Farewell To Mumbai’s Premier Padmini

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MUMBAI, Apr. 20 – The ubiquitous Premier Padmini, the tiny black taxi derived from the 1957 Fiat 1200, is to be phased out.

The Bombay High Court ruled last week that taxis over 25 years old must be taken off the road by the end of the year. The ruling comes a year later than what was originally planned after petitions from taxi drivers.

The Premier Padmini was manufactured in India from 1968 until 2000 by India’s Premier Automobiles. Fiat had decommissioned the car after only three years, with Italian production ceasing in 1960. The entire production line was shipped to India in 1967, with production based at Kurla, Mumbai.

The car, which originally had a 1,089cc engine, has undergone changes since making its debut in India but maintained the basic design. Most Premier Padmini taxis on the road now are run with compressed natural gas or CNG which is a cleaner and cheaper fuel compared to petrol and is also subsidized by the Indian government as part of its anti-pollution measures.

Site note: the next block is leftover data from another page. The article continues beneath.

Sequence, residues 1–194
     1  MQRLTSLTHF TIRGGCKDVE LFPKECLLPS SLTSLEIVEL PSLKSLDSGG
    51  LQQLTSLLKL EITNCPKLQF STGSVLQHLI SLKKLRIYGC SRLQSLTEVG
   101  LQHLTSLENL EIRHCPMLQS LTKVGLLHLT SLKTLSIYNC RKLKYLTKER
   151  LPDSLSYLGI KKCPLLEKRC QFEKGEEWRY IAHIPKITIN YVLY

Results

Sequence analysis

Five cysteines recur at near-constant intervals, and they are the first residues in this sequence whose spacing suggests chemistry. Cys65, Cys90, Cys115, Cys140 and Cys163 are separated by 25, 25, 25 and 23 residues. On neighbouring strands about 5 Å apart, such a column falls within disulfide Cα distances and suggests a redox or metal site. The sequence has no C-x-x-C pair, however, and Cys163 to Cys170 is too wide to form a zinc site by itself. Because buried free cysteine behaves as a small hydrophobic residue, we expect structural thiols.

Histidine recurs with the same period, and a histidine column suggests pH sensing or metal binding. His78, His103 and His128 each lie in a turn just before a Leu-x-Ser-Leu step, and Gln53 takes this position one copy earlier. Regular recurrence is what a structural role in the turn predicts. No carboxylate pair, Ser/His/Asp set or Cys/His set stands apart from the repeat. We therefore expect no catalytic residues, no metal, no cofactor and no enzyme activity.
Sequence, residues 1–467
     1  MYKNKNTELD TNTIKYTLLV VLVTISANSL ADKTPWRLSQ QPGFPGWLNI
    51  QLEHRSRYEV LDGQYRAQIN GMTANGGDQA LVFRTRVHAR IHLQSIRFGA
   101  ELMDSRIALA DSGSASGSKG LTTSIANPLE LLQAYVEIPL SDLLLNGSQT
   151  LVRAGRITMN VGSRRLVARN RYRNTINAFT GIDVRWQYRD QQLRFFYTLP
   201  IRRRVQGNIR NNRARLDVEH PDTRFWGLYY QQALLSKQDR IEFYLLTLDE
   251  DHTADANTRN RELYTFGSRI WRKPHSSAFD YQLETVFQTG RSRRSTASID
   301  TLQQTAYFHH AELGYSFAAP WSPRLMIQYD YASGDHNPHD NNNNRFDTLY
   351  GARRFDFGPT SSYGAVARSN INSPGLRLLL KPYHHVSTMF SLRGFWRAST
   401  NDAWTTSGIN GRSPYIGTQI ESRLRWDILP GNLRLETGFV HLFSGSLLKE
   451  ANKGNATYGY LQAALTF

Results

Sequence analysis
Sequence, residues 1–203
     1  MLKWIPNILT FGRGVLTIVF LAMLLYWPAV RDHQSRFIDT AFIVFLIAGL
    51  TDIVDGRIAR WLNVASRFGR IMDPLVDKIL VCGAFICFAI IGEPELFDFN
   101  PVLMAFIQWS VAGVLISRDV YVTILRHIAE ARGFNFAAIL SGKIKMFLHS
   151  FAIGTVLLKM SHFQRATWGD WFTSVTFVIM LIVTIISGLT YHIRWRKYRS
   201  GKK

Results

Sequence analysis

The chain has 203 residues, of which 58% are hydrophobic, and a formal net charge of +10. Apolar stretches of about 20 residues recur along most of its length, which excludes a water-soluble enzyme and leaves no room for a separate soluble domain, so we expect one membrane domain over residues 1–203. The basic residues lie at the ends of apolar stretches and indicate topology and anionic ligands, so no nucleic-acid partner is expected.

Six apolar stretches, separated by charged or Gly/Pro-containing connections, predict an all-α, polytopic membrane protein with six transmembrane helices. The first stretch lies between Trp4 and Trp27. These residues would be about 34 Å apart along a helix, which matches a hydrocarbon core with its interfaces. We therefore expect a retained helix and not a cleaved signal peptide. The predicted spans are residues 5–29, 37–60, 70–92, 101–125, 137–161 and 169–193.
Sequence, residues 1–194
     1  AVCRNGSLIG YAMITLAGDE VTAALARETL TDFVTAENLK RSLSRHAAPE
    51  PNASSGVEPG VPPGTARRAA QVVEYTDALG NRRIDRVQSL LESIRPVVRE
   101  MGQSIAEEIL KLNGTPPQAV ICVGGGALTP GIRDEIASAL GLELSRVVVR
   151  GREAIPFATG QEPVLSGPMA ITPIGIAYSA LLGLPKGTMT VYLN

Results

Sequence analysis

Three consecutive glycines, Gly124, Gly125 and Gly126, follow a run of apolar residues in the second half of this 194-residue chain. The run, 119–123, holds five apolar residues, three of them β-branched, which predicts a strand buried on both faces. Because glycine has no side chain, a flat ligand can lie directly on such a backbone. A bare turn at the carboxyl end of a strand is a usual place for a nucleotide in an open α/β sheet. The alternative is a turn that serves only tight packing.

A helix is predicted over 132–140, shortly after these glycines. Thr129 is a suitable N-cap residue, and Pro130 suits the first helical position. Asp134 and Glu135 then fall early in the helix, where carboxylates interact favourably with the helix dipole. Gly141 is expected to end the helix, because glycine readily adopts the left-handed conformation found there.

The new taxis will likely be provided by Tata Motors and Maruti Suzuki, whose car for taxi use have already begun appearing on Mumbai’s crowded streets. Although fitted with air conditioning and CD players, the new models are certainly a more comfortable ride, but lack the charm of the now 50-year Fiat model.

To encourage the shift to new taxis, Tata and Maruti will provide an additional 10,000 new vehicles each over the next three months discounted by up to US$800 or close to 10 percent of the original price. The government has also accelerated the procedure by arranging lines of credit for purchase of new vehicles by taxi drivers at longer periods and with 2 percent to 3 percent lower rates than what the market currently provides to stimulate demand.

To further enforce compliance, the government issued orders to the Mahanagar Gas Company, which provides CNG-powered vehicles with fuel at Mumbai’s pump stations, to refuse selling gas to old vehicles.

The Premier Padmini while outdated and cramped, its passing will be mourned as it had become an iconic symbol of the city. The ruling mirrors that of the phasing out of the its counterpart in Delhi, the Hindustan Ambassador, based in turn on the 1948 Morris Oxford and still used as the official government vehicle.